Anon appears to be a bit surprised and taken aback at the breadth of the professor's position. Not alone on that front.

Posted by: Joe | May 13, 2016 10:44:10 PM

Apologies for the half sentence at the end of the last comment - I was going to write more, but then realized it would probably be helpful to read more about your position in the work you mentioned above.

Posted by: Anon | May 13, 2016 5:34:06 PM

I don't mean to nitpick, but in fairness, to say that "nothing in the Constitution gives the judiciary the final word on constitutional meaning" is an argument, not a principle. Likewise for your cases and controversies statement. I think the most generously construed potentially corresponding principles might be things like "separation of powers" or"federalism" or "judicial restraint," but none of these principles are served in a situation in which the underlying issue of the ensuing litigation has already been settled by the highest court in the land. The values of separation of powers, federalism, and/or judicial restraint are not served by a redundant re-litigation of settled constitutional law. Is the work you describe above available on Westlaw or SSRN? I'm interested to read more.

Implicit in that power of judicial review is a corresponding obligation by the executive branch to enforce the law as it is articulated by the judiciary. injunctions in the absence of

Posted by: Anon | May 13, 2016 5:31:40 PM

I don't think we agree that Obergefell is the last word on the legality of same-sex marriage, outside of litigation. Certainly I don't.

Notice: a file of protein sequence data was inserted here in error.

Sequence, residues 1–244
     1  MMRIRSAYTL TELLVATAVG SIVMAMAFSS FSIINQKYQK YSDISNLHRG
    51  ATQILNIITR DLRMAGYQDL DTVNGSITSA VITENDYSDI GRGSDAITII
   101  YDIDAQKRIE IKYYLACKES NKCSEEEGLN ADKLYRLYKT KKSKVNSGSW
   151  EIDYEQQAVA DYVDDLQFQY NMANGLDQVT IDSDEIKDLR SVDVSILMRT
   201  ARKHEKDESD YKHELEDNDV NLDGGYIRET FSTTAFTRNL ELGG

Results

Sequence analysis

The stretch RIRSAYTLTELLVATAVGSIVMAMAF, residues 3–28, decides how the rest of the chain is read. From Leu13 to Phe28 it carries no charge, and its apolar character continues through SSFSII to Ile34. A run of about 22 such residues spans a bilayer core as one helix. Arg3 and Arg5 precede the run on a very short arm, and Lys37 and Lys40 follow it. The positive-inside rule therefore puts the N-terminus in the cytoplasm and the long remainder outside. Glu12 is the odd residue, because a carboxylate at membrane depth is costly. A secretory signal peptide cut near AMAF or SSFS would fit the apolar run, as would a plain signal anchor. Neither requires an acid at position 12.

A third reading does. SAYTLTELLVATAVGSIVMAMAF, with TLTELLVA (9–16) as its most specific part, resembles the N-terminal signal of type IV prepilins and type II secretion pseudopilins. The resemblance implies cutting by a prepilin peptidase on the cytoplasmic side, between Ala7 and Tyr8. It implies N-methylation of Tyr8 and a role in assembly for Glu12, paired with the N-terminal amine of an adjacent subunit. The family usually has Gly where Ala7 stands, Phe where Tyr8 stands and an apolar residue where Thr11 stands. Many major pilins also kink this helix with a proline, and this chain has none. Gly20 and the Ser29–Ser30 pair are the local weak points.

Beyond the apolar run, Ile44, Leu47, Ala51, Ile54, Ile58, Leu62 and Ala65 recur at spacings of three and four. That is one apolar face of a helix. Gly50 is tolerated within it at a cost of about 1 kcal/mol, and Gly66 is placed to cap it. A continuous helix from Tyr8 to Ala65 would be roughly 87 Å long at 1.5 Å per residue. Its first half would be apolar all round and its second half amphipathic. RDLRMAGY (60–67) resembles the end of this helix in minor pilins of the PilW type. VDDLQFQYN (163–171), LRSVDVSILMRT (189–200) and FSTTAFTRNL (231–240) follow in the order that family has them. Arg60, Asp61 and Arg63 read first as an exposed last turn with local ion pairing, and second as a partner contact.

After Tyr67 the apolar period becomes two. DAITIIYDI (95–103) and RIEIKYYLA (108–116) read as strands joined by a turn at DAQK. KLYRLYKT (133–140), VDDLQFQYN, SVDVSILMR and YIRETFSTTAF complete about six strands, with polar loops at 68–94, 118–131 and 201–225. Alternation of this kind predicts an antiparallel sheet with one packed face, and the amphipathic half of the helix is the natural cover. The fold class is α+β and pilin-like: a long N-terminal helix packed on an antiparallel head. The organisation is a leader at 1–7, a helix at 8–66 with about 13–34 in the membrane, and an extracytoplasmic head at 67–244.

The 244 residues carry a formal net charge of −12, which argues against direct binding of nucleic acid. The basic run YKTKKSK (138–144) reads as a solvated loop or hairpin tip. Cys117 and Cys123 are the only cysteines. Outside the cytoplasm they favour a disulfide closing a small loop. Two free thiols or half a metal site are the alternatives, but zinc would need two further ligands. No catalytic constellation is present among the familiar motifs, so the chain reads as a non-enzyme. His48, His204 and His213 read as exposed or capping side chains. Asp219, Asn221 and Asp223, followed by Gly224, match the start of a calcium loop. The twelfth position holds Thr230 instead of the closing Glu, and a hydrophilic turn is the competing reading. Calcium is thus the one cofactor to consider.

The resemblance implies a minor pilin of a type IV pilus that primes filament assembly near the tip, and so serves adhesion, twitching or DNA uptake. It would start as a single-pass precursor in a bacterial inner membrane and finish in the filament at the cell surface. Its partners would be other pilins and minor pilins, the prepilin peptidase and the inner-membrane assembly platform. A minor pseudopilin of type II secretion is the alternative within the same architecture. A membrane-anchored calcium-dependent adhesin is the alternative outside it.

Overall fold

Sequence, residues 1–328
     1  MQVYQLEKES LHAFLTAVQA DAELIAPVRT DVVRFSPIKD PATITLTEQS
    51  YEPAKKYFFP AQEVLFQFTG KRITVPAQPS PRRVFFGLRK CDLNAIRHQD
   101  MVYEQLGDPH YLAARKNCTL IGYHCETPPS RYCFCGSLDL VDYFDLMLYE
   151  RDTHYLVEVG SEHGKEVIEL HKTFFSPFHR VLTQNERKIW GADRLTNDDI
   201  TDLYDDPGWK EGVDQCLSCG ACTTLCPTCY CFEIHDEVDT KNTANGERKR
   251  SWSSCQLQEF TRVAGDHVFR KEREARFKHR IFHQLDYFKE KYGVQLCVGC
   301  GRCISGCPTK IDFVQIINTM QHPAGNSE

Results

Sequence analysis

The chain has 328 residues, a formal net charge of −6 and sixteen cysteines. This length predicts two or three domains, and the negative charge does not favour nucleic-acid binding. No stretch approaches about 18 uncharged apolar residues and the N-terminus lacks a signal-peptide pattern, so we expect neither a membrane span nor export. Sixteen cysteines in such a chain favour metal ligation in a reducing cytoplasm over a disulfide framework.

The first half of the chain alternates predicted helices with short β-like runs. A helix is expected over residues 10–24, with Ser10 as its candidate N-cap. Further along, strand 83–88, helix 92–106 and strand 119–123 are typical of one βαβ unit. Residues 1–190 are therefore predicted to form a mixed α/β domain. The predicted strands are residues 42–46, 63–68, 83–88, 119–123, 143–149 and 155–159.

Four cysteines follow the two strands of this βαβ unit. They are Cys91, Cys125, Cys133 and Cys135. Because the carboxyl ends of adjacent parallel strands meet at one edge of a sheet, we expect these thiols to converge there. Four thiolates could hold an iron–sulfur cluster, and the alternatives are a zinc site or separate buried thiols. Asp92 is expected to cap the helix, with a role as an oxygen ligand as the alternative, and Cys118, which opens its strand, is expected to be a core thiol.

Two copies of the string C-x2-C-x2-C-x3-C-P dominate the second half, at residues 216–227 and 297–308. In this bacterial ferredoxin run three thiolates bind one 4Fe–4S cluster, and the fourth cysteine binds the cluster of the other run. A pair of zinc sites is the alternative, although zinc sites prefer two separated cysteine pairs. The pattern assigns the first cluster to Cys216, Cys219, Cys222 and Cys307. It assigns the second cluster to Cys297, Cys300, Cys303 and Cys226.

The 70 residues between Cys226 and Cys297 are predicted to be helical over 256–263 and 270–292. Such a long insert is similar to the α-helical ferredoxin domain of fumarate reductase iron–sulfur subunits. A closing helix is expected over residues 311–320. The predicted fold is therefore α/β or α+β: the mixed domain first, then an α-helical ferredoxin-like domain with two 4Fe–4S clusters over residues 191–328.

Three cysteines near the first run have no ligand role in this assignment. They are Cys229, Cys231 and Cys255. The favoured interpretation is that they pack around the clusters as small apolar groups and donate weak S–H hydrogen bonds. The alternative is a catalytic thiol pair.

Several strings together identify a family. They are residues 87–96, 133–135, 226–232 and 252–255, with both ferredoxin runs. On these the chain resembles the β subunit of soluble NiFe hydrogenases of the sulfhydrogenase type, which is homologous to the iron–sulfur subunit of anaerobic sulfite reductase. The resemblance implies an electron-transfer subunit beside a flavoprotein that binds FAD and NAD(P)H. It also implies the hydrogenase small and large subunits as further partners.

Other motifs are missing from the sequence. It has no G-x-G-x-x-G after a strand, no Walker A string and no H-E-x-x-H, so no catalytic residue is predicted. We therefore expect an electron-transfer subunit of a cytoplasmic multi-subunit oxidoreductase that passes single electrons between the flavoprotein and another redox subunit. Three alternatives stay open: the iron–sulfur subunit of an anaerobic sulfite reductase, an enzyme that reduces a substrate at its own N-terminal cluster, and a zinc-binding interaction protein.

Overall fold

And, yes, that is the view I am espousing (and have been espousing in a dozen or two blog posts in the past 15 month, in an article in Hastings CLLQ, and in a forthcoming project). Alabama law no longer prohibits Black students at the University of Alabama. If Alabama changed its law, the governor would be within his power and acting consistently with his oath to stand in the doorway. Yes, he will be enjoined. And he may well be on the hook for damages without the benefit of qualified immunity. And he certainly will pay attorney's fees. All of which may incentivize him to go along with the court. But that does not mean he has violated his oath or that his oath obligates him to do go along.

I would say there are two constitutional principles served: One is that nothing in the Constitution gives the judiciary the final word on constitutional meaning. And the other is that courts decide cases or controversies, which by definition involve discrete parties and discrete claims directed at and for the benefit of those parties.

Posted by: Howard Wasserman | May 13, 2016 5:03:48 PM